Jones at the wheel for 53 years

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Rowland Jones has been transporting local kids to and from school since 1966. (Photo by Audrey Posten)

By Audrey Posten, North Iowa Times

Rise at 4:45, do chores, eat breakfast, head to the MFL MarMac bus barn, transport kids to school. Every weekday morning, this is bus driver Rowland Jones’ routine. Each afternoon, he’s back at the wheel again, helping students safely return home.

“I started as a substitute [for the MFL School District] in the fall of 1966,” he recalled. “I lived on a small farm and wanted to make some extra income.”

At that time, a chauffeur’s license was all that was needed to drive a bus. Jones applied for his license using a farm truck.

Now, 53 years later, he’s worked for six different superintendents and five transportation directors. He’s hauled three generations of families.

That time hasn’t come without its changes. 

When Jones first began working, “they showed you the different controls for the lights and the stop sign,” he said. “Then, you did everything by hand.”

Controls were largely the same for each bus.

“Now, if two buses are alike, we’re lucky,” Jones remarked.

Buses were smaller back then, too, Jones mused. Capacity ranged from 42 to 46 passengers, compared to the 72 or more that can fit on today’s models.

Around 450 to 500 MFL MarMac students ride the bus to and from school each day. According to MFL MarMac Transportation Director Trent Miene, drivers average a combined 970 miles each day—175,000 annually, not including field trips, sports and other events.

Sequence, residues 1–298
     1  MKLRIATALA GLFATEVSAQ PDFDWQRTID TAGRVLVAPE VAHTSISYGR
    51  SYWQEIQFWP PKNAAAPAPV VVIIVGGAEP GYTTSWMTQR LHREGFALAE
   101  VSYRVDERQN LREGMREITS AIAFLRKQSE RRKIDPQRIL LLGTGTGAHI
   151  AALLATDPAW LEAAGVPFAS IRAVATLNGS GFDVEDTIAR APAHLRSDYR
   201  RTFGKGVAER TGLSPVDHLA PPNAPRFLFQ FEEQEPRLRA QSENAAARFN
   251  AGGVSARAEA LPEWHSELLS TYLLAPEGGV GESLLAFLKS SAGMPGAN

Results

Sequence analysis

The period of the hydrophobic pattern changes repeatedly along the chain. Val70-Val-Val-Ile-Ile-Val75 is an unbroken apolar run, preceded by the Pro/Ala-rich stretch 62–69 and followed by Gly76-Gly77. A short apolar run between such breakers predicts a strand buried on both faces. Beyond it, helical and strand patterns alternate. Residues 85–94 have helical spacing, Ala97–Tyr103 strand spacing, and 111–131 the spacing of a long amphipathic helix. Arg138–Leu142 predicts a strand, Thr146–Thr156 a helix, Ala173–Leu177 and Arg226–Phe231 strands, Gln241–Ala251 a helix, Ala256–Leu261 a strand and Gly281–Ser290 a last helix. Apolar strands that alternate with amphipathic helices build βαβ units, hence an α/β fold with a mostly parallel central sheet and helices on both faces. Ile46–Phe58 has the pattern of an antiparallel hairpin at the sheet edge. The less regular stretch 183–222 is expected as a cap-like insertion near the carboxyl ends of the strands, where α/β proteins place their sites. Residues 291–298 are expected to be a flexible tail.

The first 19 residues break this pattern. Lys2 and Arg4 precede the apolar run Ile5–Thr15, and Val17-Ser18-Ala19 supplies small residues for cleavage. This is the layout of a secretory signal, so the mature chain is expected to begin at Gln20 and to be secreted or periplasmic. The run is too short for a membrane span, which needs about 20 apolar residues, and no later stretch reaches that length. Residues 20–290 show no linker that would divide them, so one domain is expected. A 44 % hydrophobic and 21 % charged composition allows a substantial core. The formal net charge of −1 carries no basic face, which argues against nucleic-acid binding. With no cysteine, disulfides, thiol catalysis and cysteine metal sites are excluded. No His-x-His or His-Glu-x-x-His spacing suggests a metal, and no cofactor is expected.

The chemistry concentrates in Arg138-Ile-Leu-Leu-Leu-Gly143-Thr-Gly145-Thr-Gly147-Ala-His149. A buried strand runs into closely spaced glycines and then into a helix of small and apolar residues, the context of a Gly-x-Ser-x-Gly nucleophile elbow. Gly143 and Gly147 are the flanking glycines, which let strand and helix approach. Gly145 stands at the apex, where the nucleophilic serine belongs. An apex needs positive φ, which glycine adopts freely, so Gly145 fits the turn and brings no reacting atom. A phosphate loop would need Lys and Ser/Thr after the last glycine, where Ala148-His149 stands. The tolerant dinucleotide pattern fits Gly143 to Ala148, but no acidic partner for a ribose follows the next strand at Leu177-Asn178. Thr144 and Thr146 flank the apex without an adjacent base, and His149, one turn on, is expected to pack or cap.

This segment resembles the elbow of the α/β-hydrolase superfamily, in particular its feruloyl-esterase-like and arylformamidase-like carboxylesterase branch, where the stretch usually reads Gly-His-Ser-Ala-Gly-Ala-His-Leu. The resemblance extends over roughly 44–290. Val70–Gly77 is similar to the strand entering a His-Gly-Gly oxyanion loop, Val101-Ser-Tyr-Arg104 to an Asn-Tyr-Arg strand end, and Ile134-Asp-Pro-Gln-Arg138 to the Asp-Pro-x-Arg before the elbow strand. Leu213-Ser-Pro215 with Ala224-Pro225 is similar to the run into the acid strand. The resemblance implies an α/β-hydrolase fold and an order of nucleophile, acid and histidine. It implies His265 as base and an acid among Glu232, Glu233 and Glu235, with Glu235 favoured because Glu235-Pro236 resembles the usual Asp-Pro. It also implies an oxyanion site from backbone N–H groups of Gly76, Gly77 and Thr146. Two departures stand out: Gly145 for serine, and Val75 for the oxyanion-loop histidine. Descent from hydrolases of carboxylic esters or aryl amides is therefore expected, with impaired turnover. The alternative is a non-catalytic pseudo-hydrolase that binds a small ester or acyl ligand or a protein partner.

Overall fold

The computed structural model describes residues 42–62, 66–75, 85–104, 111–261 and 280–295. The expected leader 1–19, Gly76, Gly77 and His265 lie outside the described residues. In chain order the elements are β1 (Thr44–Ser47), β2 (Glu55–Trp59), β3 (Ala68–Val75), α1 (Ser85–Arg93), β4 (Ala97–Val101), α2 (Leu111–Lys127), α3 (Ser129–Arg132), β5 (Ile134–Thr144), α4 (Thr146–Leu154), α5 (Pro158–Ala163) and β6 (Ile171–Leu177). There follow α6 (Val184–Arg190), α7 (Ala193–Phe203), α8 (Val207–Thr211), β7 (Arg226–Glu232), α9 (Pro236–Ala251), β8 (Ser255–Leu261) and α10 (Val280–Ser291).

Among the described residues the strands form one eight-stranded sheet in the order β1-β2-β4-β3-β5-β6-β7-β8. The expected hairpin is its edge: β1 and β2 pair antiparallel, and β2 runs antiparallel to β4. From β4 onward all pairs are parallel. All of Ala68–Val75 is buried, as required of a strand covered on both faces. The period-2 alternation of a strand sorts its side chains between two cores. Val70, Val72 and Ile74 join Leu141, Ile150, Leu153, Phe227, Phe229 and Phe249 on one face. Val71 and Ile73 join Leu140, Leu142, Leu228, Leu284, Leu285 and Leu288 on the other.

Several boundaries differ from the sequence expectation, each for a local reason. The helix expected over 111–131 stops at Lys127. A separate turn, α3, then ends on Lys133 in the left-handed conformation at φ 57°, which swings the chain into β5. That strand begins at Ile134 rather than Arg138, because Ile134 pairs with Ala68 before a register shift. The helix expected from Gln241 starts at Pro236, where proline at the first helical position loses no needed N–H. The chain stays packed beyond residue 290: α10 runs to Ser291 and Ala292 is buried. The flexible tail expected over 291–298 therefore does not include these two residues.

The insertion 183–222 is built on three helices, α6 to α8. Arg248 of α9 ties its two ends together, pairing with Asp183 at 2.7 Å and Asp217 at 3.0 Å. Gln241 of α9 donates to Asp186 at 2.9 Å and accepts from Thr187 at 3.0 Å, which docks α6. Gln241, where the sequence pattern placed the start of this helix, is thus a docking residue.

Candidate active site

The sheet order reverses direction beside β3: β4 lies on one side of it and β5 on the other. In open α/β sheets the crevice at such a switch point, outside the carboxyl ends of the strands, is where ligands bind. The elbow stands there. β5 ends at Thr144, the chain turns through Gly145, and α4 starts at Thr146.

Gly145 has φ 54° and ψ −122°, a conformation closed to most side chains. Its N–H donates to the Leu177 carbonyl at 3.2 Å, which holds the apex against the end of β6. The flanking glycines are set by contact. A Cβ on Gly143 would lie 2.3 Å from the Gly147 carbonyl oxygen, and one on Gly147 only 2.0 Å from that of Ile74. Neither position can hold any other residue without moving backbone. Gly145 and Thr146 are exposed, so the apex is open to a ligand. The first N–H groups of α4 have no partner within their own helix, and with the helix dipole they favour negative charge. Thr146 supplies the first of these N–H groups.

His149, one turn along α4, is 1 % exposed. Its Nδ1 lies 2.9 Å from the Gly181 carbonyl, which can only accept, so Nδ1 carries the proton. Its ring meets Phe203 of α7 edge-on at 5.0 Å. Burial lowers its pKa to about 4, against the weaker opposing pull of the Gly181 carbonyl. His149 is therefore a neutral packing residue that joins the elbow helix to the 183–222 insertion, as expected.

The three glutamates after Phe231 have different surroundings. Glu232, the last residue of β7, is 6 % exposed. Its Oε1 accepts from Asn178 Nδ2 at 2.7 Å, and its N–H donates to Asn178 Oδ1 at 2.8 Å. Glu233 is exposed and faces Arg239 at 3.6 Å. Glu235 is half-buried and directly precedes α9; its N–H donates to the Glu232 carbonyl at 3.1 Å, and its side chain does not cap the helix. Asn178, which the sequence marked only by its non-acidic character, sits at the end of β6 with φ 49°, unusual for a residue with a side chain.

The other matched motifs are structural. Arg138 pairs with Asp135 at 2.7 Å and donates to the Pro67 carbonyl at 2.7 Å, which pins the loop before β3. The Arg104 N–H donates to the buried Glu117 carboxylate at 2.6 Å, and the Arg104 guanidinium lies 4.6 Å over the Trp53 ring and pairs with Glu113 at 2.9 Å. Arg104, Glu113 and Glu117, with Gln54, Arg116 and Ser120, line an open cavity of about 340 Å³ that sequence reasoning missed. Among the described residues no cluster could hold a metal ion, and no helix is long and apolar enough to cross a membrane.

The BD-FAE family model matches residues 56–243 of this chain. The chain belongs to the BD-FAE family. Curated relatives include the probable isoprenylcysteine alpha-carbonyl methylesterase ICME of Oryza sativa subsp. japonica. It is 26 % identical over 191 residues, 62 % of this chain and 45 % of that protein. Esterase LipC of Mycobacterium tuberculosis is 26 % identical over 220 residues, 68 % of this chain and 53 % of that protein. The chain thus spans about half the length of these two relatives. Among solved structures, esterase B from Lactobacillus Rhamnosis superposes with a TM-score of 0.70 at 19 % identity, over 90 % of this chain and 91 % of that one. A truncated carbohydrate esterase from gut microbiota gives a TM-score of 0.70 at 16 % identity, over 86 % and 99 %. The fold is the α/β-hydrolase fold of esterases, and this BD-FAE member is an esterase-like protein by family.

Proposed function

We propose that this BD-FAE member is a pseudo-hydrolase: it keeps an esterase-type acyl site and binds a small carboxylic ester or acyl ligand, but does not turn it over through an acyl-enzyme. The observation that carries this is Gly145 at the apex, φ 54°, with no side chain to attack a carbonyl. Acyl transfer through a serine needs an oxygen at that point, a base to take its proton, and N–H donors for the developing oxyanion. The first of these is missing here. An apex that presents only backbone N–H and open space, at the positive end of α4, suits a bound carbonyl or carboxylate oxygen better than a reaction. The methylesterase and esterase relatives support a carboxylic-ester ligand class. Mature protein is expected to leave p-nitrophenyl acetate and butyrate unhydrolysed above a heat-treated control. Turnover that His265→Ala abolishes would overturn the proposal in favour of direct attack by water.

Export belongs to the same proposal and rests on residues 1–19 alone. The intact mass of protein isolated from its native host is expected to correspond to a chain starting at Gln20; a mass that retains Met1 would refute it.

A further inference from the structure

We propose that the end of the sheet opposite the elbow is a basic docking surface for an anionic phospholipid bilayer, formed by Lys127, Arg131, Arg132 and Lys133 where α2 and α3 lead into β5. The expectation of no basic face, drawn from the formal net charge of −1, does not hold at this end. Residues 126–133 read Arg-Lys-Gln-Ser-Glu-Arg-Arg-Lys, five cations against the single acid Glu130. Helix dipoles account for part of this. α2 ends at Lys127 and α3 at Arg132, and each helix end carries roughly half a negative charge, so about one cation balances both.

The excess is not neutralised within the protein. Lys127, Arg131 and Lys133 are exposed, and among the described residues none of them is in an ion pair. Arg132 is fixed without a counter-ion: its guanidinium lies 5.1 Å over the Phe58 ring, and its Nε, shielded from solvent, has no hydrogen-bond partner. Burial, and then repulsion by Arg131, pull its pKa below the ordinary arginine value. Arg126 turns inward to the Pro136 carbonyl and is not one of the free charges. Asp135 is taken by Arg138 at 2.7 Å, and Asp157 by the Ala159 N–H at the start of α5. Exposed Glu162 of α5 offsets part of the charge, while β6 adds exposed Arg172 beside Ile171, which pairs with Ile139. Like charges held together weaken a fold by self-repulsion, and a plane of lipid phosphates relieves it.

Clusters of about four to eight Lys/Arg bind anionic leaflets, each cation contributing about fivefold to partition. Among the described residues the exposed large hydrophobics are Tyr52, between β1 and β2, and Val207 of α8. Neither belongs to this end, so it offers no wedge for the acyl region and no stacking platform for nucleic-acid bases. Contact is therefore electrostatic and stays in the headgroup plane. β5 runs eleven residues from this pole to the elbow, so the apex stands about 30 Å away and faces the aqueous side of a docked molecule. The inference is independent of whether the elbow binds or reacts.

For drivers and students, that makes for a lot of time together. Their bus driver is often one of the first adults students see each morning, said Miene, and the driver always wishes them “good night” as they head home.

“The drivers really care about the students,” he added. “You can’t help but develop a friendship with the kids.”

Through the years of changing routes and technology, that’s always been the constant, said Jones.

“I like getting to see the kids. I never had any of my own,” he shared. “I especially enjoy the elementary field trips, so I take as many of those as I can work in.”

Bus drivers, said Jones, feel a lot of responsibility for the precious cargo they transport. In over 50 years, he’s been involved in just two accidents—neither of which were his fault and neither of which resulted in injuries. 

He’s driven countless times in zero visibility, maneuvered through snow drifts three feet high and safely negotiated glare ice.

“My biggest worry is making it through the Kwik Star intersection [in Monona] when it’s foggy,” Jones admitted. “People don’t slow down, and there are too many who don’t turn on their headlights.”

Bus drivers have to notice what’s happening in front of them, yet have the foresight to see if there are any dangers lurking farther down the road. They hope others obey the law, Jones said. For him, it’s heartbreaking to hear recent news reports of kids being killed or injured by drivers who ignore school bus stop signs.

“It shakes you up every time you see an accident,” Jones said. “You cry for the families, but you can’t let that get to you. Otherwise, you wouldn’t come back the next day.”

Miene appreciates having experienced drivers like Jones operating the district’s buses.

“I am more at ease knowing that the kids are with some of the most caring, dependable and responsible people I know,” he said.

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